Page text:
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FOLLOW THE LEADER: Texas Following Florida, Drafting Bill to Combat Big Tech Censorship 

Over the last few months, Big Tech has made it clear that only some voices are allowed to be heard, but Texas isn’t going to stand for it. 

Texas Gov. Greg Abbott announced on Sunday that he is working on a bill with state legislators to prevent Big Tech companies from moderating user content based on political beliefs. 

“We are working with Sen. Hughes on legislation to prevent social media providers like Facebook & Twitter from cancelling conservative speech,” Abbott said on Twitter. 

This announcement comes shortly after Florida’s move to pass similar legislation that would penalize social media giants that de-platform candidates during an election, the Epoch Times reports. The proposed law would fine companies $100,000 a day until platform access is restored. 

Following the Capitol riot, Big Tech honchos like Facebook and Twitter have censored – and even banned – conservative voices. In the wake of the conglomerate-wide blacklist, several states are taking action 

Sen. Hughes told Inside Texas Politics that the bill he and Abbott plan to produce will address any unbalanced moderation of user accounts. 

“Federal law does allow us to regulate these companies and so the bill we’re getting ready to file will say that if a company discriminates against you, fi the platform blocks or kicks you off based on your viewpoint, based on your politics or religion, based on viewpoint discrimination, it will give you a way to get back online,” Hughes said.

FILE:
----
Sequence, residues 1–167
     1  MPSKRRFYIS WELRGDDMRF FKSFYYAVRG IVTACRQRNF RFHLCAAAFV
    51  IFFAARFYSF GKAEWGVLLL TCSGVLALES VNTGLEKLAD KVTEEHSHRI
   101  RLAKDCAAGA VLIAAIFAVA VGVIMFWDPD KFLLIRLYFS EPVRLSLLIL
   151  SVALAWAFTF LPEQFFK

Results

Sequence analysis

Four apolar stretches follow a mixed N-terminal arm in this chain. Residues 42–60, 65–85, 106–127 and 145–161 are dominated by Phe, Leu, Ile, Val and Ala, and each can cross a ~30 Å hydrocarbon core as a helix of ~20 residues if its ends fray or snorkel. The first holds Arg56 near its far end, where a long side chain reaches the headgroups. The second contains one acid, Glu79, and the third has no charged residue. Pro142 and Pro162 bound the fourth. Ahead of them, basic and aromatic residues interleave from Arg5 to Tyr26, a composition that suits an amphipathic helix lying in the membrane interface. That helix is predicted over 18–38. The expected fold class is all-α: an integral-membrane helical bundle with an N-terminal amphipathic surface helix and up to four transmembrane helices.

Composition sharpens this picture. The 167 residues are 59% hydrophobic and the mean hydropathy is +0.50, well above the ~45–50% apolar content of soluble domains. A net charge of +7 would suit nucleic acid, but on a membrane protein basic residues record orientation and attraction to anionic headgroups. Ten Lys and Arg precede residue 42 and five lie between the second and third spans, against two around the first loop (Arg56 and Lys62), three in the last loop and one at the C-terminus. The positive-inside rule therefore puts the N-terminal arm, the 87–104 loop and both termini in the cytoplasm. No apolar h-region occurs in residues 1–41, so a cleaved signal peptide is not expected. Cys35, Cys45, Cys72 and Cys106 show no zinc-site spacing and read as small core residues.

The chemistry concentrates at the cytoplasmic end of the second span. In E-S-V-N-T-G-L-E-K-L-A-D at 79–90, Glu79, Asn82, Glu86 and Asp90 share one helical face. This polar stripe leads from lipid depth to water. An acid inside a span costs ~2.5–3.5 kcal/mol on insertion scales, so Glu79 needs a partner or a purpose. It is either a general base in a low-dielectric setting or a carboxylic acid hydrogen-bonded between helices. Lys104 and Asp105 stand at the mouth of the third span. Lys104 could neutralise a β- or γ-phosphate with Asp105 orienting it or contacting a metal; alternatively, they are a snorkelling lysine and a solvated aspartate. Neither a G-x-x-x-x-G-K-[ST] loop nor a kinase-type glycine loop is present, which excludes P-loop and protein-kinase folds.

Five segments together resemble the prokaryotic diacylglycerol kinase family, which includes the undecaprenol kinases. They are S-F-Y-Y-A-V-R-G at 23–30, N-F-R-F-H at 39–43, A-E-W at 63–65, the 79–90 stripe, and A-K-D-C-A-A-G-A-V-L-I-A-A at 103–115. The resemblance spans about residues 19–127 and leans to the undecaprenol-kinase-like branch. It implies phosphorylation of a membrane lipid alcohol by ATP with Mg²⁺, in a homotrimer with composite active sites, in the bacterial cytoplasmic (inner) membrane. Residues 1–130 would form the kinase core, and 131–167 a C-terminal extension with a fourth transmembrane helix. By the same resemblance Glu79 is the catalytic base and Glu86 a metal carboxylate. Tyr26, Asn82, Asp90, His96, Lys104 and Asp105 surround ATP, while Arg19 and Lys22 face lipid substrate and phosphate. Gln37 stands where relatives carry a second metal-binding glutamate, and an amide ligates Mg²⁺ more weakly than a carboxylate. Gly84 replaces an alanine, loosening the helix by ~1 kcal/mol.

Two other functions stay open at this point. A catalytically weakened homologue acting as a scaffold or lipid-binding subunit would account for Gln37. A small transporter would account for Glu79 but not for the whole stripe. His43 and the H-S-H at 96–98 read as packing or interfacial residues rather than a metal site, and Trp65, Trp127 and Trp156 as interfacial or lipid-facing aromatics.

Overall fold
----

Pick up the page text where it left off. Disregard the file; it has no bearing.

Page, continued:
On the same day, Texas Attorney General Ken Paxton confirmed the state will take further steps to address Big Tech censorship, adding that the state has begun by filing an anti-trust lawsuit against Google. 

“I am so encouraged with what he’s doing in Florida. Thank you Gov. DeSantis for doing that,” Paxton said in a Fox News interview. “We have already started. We have a lawsuit against Google that focuses some of the very issues about their dominance, about how they abuse consumers, about how they take their private information, they don’t pay these consumers and they then use that information to make billions of dollars without the consumer really knowing how their private information is going to be used.” 

“So yes, I think you’re going to see more from my state in the coming months and coming years because if we don’t do something now, it’s maybe too late and these companies will have such dominance and so much money,” he added. 

Texas and Florida are doing exactly what Human Events Senior news editor and co-publisher Jeff Webb believes should be done. 

In a Human Events piece, Webb applauded Florida Gov. Ron DeSantis for taking action, encoring other states to join in.

“Right now, there are 27 out of 50 states that have Republican governors. Each one of those governors has the ability to take on Big Tech through legislation similar to what Governor DeSantis is proposing,” he wrote. 

“Acting independently, but acting together, these 27 governors have the ability to take down Big Tech’s dominant position, one piece (and one state) at a time,” he urged. 

“If 27 different states can all pass laws that limit [Big Tech’s] influence, even those masters of the universe in Silicon Valley will have to take notice,” he continued.

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